Seed bombs

Seed bombs (originally named seed balls) were an ancient way to sow crops in dense vegetation and difficult to reach land using crop seeds, clay and  soil/compost formed into small balls. They were reintroduced within the last century by the Japanese organic farmer and philosopher Masanobu Fukuoka. Since then they have been vastly used as a tool for guerilla gardening all over the world.

There are many ways how you can make your own seed bombs – below you can read how we made them at the Art center as a part of an art intervention.

Ingredients

1. Seeds – The most important of all the ingredients. Try native seeds or seed mixtures of similar size, sprouting time and sowing period. You can gather them yourself!

2. Clay – best is to use clay found naturally in the area where you live, preferably red or brown. Otherwise you can use commercially sold red powdered terracota clay (it has very good plasticity and iron oxide and manganese content).

3. Soil – again, best is to use topsoil found naturally on the land. You can also use homemade compost, worm castings or comercially sold soil for planting (nutrients are the key for successfull planting).

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How to make seed bombs

Making seed bombs with dry clay

1. Depending on the size of the seeds you want to use, adapt the following proportions:
1 measure of seeds : 3 measures of soil/compost : 5 measures of dry clay  + water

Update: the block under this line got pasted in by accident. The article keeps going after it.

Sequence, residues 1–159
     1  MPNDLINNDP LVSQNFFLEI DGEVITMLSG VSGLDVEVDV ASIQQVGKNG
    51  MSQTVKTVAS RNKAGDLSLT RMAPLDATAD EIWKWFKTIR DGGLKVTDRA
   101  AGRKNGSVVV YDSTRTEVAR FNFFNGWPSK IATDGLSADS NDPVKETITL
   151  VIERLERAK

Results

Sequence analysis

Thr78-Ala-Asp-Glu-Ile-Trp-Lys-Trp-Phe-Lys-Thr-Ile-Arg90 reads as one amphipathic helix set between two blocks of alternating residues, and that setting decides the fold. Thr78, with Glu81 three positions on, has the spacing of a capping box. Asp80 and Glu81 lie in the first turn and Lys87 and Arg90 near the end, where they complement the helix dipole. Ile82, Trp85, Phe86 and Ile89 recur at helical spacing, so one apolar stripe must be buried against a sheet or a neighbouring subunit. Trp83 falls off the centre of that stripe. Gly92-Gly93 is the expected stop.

Mix well soil, seeds and clay in a bowl. We used pieces of dried clay we had stored – we crushed and sieved it. Slowly add water to the mix, hand-working it thoroughly until it sticks together. Take small amounts of the mix and form balls with your hands about the size of a marble up to real ‘bombs’.
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2. Put the seedbombs to dry on cardboard or sheets of newspaper in a dry place, so the seeds don’t start to germinate. Depending on the weather and humidity of the space, your seed balls will be dry in a few hours or the next day. Ours were place in direct sunlight during the day and were dry in a couple of hours.

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3. Disperse in the growing season or store them for later – if you keep them in a dry place, they can last up to 1 year.
Wait for the rain and watch your seedlings sprout and grow.

There is another method of making them – you can watch the following videos of the genuine Fukuoka seed bomb making process and similar methods:
Masanobu Fukuoka Makes Seed Balls – video
Fukuoka style seed balls for no till farming – video

Making seed bombs with normal (wet) clay

Here the process is a bit different. Take a small slice of wet clay and form a small cup. Take a pinch of compost, a few seeds (3-5) and put them in the formed cup. Close the cup with your fingers and roll in your hands untill you make a ball. Don’t worry about the look – you can actually make any form you like. Just make sure the seeds are on the inside of the ball, protecetd by clay.
Dry and store as mentioned above.

 

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Remember: making seed bombs is not an exact science – find proportions and methods that suit you best. Anyone can do it – it’s fun to do!

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Check out how people do it world wide – here are some great examples:
Guerilla Gardening
Gardener Scott
The Seed Pill Project

Kabloom
Green Aid

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